For the sentence “The brothers have a good relationship.”, I know we can say

a. Les frères ont de bons rapports.

But can we also say

b. Les frères ont un bon rapport.

As this is a simple question, a simple yes or no would be okay.

  • 9
    « Les frères s'entendent bien. »
    – Personne
    Commented Oct 28, 2020 at 16:29
  • 2
    "rapport" in french can also mean intercourse, so I'd avoid this term if no further context is added
    – Lyzvaleska
    Commented Oct 29, 2020 at 9:29
  • 1
    @Lyzvaleska That would be a stretch for me to think of it this way. Not sure about others, but my mind is clearly not set to fall into that rut so easily. Commented Oct 29, 2020 at 13:14
  • @Pasunclue — Beaucoup de mots de la vie courante sont récupérés pour leur double sens par les comiques/humoristes. Le glamour en est sûrement à la base, mais les sous-entendus grivois sont là pour déniaiser une pudibonderie névrotique.
    – Personne
    Commented Oct 29, 2020 at 21:58
  • @Personne Eh bien celui-là serait bien trop indirect pour moi. Rapport a trop de sens outre celui de relation sexuelle pour que je considère celui-là dans mon analyse. Peut-être un humoriste parviendrait-il à m'y amener, mais même là, le doute demeure. Commented Oct 30, 2020 at 9:27

1 Answer 1


As stated by @Personne in the comments, you can use the verb s'entendre.

Les deux frères s'entendent bien.

As stated in the comments, rapport can also mean intercourse in French, so it could be ambiguous to use this without adding more context. However, it is a correct usage (see the CNRTL definition, section III.E.), and it can work very well, for example:

Les deux frères travaillent ensemble et ont de bons rapports professionnels.


Malgré la séparation durant leur enfance, les deux frères sont restés en bon rapports.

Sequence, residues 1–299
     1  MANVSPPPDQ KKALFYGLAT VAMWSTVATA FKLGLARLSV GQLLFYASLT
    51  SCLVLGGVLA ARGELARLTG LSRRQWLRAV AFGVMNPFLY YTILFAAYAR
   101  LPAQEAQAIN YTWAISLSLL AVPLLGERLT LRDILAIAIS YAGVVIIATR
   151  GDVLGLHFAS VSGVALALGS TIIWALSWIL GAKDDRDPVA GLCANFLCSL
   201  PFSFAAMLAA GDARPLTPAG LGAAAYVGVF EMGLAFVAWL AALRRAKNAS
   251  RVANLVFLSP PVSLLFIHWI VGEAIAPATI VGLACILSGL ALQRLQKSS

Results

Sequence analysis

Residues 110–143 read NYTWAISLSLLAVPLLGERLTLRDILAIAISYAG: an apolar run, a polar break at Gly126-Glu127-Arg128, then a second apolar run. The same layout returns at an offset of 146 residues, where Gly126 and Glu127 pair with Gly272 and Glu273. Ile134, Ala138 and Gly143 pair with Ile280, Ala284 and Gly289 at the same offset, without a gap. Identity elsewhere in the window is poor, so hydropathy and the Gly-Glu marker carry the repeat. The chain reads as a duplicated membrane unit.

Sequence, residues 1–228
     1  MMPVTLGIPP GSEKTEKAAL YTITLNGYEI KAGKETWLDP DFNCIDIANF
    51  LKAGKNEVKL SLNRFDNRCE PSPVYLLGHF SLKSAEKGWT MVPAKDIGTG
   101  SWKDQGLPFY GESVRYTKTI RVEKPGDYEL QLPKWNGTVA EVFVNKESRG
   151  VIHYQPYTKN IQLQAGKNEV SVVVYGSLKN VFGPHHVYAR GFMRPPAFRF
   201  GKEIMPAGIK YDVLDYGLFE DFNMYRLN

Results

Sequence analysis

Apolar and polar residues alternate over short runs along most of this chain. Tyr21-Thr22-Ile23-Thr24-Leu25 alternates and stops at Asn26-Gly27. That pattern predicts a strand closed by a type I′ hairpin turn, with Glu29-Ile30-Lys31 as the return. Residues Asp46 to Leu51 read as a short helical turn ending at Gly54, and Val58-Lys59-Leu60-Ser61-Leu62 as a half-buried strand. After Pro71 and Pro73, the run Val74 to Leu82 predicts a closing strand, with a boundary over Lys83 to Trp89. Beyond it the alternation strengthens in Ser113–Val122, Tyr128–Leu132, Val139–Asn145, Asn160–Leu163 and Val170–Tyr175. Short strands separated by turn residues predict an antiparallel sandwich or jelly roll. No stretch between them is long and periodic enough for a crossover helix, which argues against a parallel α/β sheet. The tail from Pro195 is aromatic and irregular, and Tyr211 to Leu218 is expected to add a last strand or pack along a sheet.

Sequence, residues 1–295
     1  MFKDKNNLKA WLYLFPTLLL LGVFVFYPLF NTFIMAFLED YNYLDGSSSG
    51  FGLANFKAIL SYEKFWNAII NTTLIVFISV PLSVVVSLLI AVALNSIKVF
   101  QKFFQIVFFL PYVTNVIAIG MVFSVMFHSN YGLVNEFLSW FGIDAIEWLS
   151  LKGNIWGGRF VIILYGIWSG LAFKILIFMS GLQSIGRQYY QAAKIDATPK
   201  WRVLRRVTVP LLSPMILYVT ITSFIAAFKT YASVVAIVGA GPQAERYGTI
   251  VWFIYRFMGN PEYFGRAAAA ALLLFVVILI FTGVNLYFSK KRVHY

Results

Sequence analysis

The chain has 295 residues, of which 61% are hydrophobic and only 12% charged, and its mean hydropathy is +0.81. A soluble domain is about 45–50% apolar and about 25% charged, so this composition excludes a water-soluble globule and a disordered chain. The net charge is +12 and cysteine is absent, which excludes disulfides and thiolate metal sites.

However, to answer your question, I don't think it makes sense to use rapport as a singular because it designates the (multiple) interactions two people can have with each other. If you wish to use a singular word, use relation, which defines the link itself between two people (it can actually also be used in its plural form but let's not go too deep into details).

  • Would the occasional singular «rapport» (la compagnie a un bon rapport avec la population) be an influence from the more commonly singular «relation» (la compagnie a une bonne relation avec la communauté)? Commented Oct 29, 2020 at 13:10
  • It would make sense. Maybe it even makes it a correct usage, although not intuitive from my point of view.
    – Reyedy
    Commented Oct 29, 2020 at 14:44
  • Yeah same here. I'm not sure about the correctness of it. And definitely not something I would ever transfer to the context of actual people, as opposed to the “entities” that companies or communities are. Commented Oct 29, 2020 at 14:49
  • @Reyedy Thank you so much for your help! 😊
    – Noybwbh
    Commented Oct 29, 2020 at 22:26
  • 1
    So first of all, be careful with the gender of nouns: relation is feminine (une relation) and rapport is masculine (un rapport). Also, for your sentence (a), you used the plural with the article "un", which is used for singular nouns. So for this sentence, a correct usage would be "Les frères ont de bons rapports avec leur mère biologique". And your sentence (b) is correct, good job! I personally have a preference for the (a) in this context though. :)
    – Reyedy
    Commented Oct 30, 2020 at 7:35

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